And you thought that Christmas and Navidad were basically the same thing!
A large majority of the Spanish-speaking population around the world celebrates Navidad (in lieu of Hanukkah or Kwanzaa) – but for many it is a very different celebration that what you might expect. It turns out that your Christmas traditions might be more culture-specific than you think!
Christmas Tradition #1: Las Posadas
Las Posadas is a 9-day tradition (remembering 9 months of pregnancy) that remembers and reenacts that night in Bethlehem when Mary and Joseph were looking for a place to stay and there was no room for them anywhere in town except that humble stable. Una Posada is an inn or lodge in Spanish. And if you’re pidiendo posada, you’re looking for a place to stay – lodging.
Las Posadas is celebrated by Spanish speakers in Spain and all over Latin America. Neighbors get together every evening in the streets and form a procession while singing and knocking on neighbor’s doors. Each neighbor answers their door and turns them away until the final house realizes that they are the holy family and accepts them in with excitement. Conveniently, this is the house in the neighborhood that is hosting the party as well.
Christmas eve is the final Posada reenactment which is followed by midnight mass and Christmas on the next day.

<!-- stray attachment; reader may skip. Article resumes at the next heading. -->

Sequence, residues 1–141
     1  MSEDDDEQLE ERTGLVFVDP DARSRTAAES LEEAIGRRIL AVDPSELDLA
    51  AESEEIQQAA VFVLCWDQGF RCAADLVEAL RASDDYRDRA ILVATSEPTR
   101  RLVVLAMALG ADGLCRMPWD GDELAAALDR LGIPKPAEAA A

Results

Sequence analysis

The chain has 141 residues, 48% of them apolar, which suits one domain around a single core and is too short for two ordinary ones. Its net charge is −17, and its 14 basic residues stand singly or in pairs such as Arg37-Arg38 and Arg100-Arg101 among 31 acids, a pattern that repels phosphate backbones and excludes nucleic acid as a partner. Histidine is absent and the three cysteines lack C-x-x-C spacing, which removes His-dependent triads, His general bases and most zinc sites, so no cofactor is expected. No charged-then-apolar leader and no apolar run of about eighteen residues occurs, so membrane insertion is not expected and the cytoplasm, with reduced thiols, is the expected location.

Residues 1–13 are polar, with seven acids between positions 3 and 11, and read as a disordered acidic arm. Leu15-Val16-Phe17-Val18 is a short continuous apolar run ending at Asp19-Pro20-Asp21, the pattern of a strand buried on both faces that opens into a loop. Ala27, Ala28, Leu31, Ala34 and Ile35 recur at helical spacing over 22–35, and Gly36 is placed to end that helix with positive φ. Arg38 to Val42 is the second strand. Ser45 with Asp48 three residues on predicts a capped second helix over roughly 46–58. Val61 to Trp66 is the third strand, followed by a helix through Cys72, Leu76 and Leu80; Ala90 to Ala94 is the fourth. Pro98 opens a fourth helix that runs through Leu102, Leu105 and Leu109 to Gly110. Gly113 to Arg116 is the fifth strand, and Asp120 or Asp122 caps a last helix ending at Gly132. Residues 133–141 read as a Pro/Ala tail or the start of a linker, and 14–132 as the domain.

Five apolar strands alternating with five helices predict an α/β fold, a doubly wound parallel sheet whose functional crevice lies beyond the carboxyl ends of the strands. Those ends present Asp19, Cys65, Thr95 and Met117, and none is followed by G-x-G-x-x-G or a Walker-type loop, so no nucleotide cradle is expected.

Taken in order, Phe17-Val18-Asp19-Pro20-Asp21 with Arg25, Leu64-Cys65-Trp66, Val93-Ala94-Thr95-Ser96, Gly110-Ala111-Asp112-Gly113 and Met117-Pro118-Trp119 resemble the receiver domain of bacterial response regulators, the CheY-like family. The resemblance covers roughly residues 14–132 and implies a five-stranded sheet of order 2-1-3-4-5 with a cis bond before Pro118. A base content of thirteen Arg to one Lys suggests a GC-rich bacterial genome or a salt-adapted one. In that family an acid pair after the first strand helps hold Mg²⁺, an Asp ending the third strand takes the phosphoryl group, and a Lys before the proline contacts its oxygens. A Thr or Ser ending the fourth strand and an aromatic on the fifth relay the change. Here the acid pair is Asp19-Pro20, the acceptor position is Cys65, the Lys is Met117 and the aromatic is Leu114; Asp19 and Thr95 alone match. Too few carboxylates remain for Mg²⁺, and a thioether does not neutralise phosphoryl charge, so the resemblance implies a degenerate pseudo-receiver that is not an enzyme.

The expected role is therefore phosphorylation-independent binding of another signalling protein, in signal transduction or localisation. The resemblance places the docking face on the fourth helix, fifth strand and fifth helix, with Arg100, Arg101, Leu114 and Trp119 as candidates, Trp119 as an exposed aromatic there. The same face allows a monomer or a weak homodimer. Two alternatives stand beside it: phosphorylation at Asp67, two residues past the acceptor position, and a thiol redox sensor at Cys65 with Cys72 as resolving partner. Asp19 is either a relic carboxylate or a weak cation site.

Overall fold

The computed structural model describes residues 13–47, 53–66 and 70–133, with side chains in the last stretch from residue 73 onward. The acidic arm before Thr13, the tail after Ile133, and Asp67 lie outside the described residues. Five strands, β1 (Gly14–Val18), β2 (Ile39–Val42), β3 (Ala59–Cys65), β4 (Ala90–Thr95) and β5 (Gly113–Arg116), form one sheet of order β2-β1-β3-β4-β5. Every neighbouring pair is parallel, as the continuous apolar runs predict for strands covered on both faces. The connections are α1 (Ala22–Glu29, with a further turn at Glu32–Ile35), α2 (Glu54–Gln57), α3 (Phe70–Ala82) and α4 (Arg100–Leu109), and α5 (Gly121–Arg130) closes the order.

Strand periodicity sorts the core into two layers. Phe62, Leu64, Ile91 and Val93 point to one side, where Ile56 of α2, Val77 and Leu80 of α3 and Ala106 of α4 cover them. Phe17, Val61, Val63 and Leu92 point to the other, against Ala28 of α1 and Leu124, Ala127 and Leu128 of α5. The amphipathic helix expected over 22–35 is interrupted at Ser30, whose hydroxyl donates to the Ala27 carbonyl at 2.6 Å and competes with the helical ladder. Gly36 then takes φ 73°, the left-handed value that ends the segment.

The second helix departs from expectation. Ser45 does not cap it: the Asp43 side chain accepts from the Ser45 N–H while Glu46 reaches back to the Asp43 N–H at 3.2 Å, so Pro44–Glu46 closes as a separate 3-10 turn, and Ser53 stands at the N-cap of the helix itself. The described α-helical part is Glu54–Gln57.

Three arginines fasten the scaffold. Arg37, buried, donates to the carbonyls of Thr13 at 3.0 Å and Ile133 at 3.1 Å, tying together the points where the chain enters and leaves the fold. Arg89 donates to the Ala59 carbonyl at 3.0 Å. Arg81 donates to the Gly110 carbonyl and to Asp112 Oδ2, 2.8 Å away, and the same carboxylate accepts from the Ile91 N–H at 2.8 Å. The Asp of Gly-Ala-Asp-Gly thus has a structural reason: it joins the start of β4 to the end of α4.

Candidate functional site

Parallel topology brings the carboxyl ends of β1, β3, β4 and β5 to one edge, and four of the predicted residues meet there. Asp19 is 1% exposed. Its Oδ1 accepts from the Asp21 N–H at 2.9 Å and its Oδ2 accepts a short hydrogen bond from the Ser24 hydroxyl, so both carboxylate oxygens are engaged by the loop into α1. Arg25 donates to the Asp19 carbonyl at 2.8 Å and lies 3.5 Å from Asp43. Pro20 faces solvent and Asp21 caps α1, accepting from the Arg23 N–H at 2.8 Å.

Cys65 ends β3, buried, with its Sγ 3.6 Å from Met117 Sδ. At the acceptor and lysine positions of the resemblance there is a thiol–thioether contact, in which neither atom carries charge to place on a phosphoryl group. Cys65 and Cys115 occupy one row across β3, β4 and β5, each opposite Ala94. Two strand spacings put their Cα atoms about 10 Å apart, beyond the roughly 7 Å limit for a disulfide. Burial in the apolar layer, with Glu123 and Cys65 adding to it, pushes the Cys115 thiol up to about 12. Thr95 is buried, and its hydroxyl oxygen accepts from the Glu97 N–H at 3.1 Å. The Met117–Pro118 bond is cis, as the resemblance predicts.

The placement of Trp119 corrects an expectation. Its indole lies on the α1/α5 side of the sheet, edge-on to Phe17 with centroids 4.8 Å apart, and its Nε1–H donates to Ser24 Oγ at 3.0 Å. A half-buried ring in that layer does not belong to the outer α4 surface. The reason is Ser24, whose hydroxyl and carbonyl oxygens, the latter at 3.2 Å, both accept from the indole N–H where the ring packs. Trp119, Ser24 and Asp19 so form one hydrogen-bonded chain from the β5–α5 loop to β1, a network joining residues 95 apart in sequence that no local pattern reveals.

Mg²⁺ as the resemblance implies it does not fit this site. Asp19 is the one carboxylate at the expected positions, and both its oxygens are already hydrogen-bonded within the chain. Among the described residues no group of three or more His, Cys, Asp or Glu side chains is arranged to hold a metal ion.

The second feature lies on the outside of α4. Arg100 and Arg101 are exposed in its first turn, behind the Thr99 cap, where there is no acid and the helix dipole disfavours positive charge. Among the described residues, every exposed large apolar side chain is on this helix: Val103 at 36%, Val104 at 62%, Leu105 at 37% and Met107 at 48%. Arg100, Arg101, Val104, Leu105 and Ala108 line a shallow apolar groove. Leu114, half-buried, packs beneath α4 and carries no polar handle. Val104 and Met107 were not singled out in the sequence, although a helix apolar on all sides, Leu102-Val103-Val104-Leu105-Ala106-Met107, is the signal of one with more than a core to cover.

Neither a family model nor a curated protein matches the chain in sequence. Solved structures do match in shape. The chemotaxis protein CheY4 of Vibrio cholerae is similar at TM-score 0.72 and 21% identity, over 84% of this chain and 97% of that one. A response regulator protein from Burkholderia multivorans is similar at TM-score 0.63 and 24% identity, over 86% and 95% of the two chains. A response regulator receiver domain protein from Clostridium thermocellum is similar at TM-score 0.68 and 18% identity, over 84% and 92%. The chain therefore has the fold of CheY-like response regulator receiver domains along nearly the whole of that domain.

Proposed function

Good YouTube video for the Posadas Song sung during the reenactment (video and lyrics in Spanish):
Christmas Tradition #2: Los Tres Reyes
El día de los 3 Reyes Magos is celebrated on January 6th every year. This is the traditional gift giving time both in Spain and Latin America, and coincides with the idea that the 3 Wise Men came to worship baby Jesus and give him gifts after he was born.
The Santa Claus tradition is gaining ground of course, and there is currently a shift in culture to celebrate Christmas day instead of 3 Reyes, but 3 Reyes is still central to the Christmas holiday in Spanish speaking countries. Much like North American children writing letters to Santa, children in Spain and Latin America write letters to the 3 Wise Men, or their favorite one: Gaspar, Melchor, or Baltasar.
Christmas Tradition #3: Tamales
What do you eat at your Christmas dinner? Maybe turkey, ham, prime rib, lamb? All throughout Central and South America, people eat tamales. North and south of the tropics, tamales tend to be wrapped in corn husks, but in the tropics they’re wrapped in banana leaves.